Challenges and solutions
When we consider access to MAiD, we must at the same time consider the access to other end-of-life care options, such as palliative care and residential hospices. The Canadian government announced additional funding for palliative care at the time the assisted dying law came into force (7). As with other medical care, it is easier to access the full spectrum of end of life care in urban environments and if one is able to advocate for oneself. Large urban centres have specialized palliative care available in hospitals, residential hospices and in the community without cost to the patient. Unfortunately, this care may not always be available in a timely or adequate manner in rural areas. People who are socially or economically disadvantaged often also have less access to all forms of end of life care (8).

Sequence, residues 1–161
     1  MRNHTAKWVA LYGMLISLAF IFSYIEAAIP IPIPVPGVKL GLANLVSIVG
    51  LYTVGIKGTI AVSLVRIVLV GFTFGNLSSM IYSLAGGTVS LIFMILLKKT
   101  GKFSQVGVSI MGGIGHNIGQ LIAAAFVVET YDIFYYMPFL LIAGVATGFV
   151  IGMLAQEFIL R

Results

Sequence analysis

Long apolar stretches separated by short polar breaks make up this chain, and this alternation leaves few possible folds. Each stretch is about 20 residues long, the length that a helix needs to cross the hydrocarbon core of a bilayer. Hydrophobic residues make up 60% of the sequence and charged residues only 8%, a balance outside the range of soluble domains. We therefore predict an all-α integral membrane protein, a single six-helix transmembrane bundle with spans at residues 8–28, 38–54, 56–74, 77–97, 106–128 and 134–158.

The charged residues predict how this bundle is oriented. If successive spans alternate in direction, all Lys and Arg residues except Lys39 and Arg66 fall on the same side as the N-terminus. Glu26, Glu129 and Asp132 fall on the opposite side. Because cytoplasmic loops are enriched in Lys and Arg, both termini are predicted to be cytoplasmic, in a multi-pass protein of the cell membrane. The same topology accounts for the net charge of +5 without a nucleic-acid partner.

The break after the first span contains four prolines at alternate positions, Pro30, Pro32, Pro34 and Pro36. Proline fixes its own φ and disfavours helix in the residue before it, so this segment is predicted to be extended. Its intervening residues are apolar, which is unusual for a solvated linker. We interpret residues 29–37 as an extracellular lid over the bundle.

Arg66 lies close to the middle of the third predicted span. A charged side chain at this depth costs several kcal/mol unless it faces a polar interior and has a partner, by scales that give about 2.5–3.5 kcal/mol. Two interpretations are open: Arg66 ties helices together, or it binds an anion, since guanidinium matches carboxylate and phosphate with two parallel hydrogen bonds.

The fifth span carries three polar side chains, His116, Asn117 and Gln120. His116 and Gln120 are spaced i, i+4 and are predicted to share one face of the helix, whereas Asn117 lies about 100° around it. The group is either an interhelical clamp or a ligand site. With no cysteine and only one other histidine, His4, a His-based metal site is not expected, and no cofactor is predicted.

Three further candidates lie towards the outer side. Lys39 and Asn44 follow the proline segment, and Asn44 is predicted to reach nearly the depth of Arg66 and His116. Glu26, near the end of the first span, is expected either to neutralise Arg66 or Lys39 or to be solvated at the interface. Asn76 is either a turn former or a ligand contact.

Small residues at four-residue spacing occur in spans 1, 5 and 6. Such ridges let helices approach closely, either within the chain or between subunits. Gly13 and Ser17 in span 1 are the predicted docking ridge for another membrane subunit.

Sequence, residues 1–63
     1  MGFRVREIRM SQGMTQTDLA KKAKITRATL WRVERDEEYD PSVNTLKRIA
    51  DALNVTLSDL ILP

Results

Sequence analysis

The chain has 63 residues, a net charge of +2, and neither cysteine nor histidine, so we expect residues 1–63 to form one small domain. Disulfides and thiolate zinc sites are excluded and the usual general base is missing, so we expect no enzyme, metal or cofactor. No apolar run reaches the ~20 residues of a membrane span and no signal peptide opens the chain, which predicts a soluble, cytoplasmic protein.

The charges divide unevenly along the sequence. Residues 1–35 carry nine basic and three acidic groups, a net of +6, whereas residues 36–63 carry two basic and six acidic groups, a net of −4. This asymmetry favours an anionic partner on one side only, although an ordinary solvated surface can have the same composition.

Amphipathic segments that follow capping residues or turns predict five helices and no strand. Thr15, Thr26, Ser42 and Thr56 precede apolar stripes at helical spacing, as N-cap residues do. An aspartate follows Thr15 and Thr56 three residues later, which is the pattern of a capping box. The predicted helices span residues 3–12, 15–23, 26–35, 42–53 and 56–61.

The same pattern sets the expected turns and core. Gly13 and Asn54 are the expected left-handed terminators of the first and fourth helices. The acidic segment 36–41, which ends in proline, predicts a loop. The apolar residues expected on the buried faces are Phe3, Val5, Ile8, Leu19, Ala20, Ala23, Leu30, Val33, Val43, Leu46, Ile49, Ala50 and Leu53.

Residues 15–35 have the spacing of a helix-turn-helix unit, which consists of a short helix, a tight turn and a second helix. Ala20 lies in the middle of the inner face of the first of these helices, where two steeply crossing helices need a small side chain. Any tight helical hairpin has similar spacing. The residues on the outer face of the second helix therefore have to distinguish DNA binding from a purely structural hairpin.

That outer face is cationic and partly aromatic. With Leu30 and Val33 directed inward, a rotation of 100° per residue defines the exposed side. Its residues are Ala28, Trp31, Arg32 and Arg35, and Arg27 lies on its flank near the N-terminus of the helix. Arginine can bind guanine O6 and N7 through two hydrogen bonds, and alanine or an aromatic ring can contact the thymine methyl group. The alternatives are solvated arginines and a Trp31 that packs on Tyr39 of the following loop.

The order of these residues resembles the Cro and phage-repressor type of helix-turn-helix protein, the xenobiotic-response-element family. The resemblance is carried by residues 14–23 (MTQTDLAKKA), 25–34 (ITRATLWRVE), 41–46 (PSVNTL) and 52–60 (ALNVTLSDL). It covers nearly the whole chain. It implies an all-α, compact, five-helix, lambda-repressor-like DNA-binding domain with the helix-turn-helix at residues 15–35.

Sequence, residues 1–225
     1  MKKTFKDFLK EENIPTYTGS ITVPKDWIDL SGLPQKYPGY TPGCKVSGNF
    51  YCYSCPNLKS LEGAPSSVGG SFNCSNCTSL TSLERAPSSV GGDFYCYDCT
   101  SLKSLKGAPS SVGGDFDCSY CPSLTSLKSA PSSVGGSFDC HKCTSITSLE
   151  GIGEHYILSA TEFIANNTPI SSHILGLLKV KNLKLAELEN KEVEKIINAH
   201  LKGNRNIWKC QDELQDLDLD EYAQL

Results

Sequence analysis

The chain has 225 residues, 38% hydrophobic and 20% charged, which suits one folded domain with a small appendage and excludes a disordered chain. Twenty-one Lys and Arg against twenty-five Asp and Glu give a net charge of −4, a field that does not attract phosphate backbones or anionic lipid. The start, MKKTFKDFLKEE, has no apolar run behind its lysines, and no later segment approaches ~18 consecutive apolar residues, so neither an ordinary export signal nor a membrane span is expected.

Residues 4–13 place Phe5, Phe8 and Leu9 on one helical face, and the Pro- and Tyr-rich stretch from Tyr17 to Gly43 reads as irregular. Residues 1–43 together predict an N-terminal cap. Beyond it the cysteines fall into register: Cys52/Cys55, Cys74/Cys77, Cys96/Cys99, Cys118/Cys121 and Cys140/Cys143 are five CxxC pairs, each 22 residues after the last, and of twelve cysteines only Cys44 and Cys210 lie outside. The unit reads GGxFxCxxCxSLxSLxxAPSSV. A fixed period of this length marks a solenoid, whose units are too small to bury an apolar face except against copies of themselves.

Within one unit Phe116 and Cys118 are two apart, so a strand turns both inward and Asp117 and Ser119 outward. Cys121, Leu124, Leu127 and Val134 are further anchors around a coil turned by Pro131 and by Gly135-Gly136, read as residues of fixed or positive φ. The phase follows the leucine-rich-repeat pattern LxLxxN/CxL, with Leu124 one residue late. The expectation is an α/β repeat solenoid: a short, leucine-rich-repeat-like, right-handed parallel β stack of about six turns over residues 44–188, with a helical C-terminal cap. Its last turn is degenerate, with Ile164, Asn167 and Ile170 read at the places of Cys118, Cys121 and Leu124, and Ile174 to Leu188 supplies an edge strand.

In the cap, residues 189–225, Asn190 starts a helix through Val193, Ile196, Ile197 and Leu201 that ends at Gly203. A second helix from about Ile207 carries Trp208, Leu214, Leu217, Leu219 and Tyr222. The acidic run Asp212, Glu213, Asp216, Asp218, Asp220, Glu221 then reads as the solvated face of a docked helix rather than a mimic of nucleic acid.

When the law changed in 2016, the professional licensing bodies were slow to publish their standards and regulations. Lawyers advising clinicians were not surprisingly very conservative and there were no available training programs for clinicians (9). This led some physicians to be wary of providing assisted deaths (10). Nurse practitioners were delayed even longer (11). There was active opposition by some organizations, such as some physician residency training programs forbidding trainees from participating in assisted deaths and some hospices forbidding their physicians from doing assessments or provisions (9). Over the years, there has been more training and mentoring available, both to trainees and practicing clinicians. Training is now provided by on-line and in-person workshops; by universities; by medical associations and by health authorities (12). There is no accreditation required to provide assisted deaths in the community, but special privileges to provide MAiD are required for provision in some hospitals and other health care facilities. The number of providers has increased along with the number of people requesting MAiD since 2016.